Biographies of Committee Members and Staff
DANIEL N. BAKER, Chair, is a professor at the University of Colorado and the director for the university’s Laboratory for Atmospheric and Space Physics. Dr. Baker’s primary research interests are in plasma physical and energetic particle phenomena in the planetary magnetospheres and in Earth’s magnetosphere. He also conducts space instrument design, space physics data analysis, and magnetospheric modeling. He has participated in many space science missions, including Pioneer 10 and 11, SAMPEX, POLAR, CLUSTER, and IMEX. He is also active in the teaching of space physics and public policy, as well as outreach to the space technology community and the general public. Prior to his appointment at the University of Colorado in 1993, Dr. Baker was director of NASA’s Laboratory for Extraterrestrial Physics at the Goddard Space Flight Center. Earlier, he was leader of the Space Plasma Physics Group at the Los Alamos National Laboratory. He has been the U.S. representative to the International Scientific Committee on Solar-Terrestrial Physics Research and was a member of the NASA Space Science and Applications Advisory Committee. Dr. Baker was a member of the National Research Council’s (NRC’s) Solar and Space Physics Survey Committee (2001-2003) and the Panel on Atmospheric-Ionospheric-Magnetospheric Interactions (2001-2003). Currently the chair of the NRC Committee on Solar and Space Physics, he has served on the Space Studies Board (1996-1999) and the Steering Committee for the Workshop on Reducing Space Science Research Mission Costs (1996-1997; 2004-2007) and the Committee on the Scientific Context for Space Exploration (2004-2005). He is also a past member of the Panel on Long-Term Observations (1985-1988) and the Committee on Solar and Space Physics (1984-1986).
LESLIE A. BRABY is research professor of nuclear engineering at Texas A&M University’s Department of Nuclear Engineering. His research focuses on radiation dosimetry, microdosimetry, biological effects of radiation, and food irradiation. Dr. Braby serves on the National Council on Radiation Protection and Measurement. He previously served as a staff scientist and acting manager in the Biology and Chemistry Department of the Pacific Northwest National Laboratory.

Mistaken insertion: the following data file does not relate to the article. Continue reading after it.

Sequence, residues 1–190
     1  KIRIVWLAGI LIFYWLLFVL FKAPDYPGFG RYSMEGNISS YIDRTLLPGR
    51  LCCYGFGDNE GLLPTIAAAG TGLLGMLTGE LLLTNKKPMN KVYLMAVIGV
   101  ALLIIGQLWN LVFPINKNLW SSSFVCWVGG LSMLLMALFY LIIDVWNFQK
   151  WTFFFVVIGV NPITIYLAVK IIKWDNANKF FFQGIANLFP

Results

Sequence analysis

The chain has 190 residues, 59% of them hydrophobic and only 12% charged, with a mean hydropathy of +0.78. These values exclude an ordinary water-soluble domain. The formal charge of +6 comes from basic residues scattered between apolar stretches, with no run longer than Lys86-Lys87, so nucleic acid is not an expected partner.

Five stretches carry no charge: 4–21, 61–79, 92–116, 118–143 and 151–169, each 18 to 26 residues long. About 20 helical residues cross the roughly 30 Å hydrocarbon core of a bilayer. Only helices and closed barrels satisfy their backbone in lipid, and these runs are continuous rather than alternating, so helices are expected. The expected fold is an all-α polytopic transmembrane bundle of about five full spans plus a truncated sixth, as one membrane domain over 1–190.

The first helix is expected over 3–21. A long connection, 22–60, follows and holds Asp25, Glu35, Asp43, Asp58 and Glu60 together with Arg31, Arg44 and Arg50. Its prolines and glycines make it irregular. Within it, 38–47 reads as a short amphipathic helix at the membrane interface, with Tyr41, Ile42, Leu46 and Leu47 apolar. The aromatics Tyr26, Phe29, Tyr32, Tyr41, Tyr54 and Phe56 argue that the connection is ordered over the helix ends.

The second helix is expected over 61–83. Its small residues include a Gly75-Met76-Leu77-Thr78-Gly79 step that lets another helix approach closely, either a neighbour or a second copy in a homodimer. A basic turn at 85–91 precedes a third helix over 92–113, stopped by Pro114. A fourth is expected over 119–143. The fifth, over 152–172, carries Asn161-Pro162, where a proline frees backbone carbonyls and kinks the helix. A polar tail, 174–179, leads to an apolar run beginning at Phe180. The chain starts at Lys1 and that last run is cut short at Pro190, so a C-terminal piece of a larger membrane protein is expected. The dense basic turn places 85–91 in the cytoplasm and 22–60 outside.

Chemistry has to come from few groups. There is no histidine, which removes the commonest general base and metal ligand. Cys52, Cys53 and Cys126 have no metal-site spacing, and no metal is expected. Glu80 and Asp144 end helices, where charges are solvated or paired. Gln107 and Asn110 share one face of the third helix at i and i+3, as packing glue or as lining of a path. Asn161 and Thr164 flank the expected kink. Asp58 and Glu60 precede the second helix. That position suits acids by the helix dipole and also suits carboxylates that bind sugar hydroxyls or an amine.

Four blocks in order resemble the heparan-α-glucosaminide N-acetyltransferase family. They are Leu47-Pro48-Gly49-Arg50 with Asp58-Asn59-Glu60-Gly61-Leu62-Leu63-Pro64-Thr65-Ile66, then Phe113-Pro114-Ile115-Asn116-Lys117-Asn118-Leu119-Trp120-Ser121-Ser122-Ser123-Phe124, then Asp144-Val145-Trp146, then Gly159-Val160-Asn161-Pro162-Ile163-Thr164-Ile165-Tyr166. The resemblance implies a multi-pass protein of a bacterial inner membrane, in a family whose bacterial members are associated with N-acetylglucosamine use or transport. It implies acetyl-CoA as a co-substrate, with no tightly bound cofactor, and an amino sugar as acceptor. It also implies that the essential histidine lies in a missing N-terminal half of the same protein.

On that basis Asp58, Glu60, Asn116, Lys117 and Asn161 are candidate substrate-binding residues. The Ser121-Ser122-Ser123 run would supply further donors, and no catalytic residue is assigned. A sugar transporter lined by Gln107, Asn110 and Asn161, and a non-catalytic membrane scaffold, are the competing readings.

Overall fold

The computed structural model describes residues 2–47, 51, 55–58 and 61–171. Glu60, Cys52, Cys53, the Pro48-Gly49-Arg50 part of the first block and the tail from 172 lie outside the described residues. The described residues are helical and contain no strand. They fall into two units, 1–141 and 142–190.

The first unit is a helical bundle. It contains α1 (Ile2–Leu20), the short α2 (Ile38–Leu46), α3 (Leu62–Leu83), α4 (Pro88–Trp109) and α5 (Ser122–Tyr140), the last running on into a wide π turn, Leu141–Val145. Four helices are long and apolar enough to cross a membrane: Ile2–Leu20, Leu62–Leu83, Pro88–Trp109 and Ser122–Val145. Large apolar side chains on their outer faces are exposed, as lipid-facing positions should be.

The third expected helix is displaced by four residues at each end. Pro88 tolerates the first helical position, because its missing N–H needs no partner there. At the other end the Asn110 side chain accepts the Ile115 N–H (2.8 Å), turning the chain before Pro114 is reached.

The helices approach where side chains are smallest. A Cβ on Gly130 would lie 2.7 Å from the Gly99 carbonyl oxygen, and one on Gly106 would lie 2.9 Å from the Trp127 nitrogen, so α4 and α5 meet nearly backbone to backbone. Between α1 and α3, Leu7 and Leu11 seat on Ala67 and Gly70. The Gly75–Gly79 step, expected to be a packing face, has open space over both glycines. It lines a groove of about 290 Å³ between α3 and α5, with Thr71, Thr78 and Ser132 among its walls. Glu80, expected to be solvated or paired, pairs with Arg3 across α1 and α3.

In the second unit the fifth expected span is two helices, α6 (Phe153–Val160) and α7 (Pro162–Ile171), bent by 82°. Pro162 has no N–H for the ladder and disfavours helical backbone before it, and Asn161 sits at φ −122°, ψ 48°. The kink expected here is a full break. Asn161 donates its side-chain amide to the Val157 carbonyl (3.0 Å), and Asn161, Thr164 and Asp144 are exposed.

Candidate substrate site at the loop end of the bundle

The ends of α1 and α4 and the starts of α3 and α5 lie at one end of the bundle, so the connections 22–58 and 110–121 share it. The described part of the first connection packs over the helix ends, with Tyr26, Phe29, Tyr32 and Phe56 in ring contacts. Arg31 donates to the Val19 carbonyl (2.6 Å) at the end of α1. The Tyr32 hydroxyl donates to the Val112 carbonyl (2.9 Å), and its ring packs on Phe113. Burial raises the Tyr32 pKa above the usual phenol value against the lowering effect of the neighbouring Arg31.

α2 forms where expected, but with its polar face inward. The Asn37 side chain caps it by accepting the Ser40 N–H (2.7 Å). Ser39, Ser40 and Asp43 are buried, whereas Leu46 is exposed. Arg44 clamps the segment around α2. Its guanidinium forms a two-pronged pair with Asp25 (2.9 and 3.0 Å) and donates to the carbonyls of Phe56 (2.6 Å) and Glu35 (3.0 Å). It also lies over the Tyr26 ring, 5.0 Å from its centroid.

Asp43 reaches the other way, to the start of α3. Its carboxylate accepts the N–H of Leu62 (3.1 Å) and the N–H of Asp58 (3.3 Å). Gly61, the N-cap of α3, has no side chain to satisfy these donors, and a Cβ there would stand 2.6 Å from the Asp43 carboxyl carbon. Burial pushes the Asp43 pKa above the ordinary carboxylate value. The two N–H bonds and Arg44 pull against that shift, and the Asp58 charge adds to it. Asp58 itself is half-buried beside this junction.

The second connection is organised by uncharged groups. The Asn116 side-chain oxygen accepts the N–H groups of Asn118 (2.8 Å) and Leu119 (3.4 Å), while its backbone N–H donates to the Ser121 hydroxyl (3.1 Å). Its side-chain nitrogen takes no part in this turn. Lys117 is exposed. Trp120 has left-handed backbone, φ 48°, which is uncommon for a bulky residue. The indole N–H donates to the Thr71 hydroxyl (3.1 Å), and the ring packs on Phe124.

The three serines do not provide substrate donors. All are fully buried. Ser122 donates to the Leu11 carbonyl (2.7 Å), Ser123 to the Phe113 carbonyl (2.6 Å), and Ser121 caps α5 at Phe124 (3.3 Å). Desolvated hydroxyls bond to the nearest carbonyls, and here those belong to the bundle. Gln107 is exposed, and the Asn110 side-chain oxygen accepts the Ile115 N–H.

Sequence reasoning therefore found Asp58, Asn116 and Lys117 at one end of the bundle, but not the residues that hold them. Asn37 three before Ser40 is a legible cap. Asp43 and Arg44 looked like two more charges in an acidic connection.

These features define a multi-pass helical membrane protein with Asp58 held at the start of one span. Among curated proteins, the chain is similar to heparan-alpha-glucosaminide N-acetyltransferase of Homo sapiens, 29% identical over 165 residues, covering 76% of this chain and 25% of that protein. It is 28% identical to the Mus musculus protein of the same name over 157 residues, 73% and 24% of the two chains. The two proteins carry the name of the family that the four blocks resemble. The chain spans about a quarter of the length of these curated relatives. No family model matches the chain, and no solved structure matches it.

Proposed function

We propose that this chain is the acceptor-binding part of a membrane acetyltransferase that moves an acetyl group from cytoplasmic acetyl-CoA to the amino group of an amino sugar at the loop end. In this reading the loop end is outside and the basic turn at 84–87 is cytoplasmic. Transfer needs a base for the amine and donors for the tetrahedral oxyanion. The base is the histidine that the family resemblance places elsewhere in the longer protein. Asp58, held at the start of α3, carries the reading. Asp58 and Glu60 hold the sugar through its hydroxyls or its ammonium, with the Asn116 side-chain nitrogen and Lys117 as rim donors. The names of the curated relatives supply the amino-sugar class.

STANLEY CURTIS, recently retired from the Fred Hutchinson Cancer Research Center, is an affiliate professor in the Department of Health and Occupational Safety at the University of Washington. Dr. Curtis received his Ph.D. in physics from the University of Washington in experimental cosmic ray physics. He has devoted his career to studying the effects of radiation on living cells, first from the viewpoint of killing cancer cells and more recently from the viewpoint of radiation-induced malignant transformation. He has long been interested in mathematically modeling radiation-induced effects in humans and in improving risk estimates at low doses and dose rates from both high and low linear energy transfer radiation. Dr. Curtis has served on national and international committees involved in determining radiation risk in space. He served on an NRC panel in the early 1970s, the Radiobiological Advisory Panel to the Committee on Space Biology and Medicine, Space Science Board, (1971-1973). He has also served on the Committee on High Energy and Space Radiation (1974-1978) and was a member of the National Council on Radiation Protection and Measurements (NCRP) from 1987 to 1993, as well as three NCRP committees studying radiation risk in space. He was also the chair of the Committee on Space Research of the International Council for Science Subcommittee on Radiation Environment, Biology and Health (1996-2000). He is the author of more than one hundred papers on the subject of radiation effects on cells and radiation risk estimation.